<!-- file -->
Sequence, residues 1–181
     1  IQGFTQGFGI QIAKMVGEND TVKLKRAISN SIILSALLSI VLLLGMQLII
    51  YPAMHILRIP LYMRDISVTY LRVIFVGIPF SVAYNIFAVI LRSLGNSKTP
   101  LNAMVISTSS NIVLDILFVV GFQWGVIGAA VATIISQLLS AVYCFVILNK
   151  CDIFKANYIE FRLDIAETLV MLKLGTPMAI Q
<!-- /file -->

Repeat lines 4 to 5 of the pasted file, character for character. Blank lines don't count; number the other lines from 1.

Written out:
   101  LNAMVISTSS NIVLDILFVV GFQWGVIGAA VATIISQLLS AVYCFVILNK
   151  CDIFKANYIE FRLDIAETLV MLKLGTPMAI Q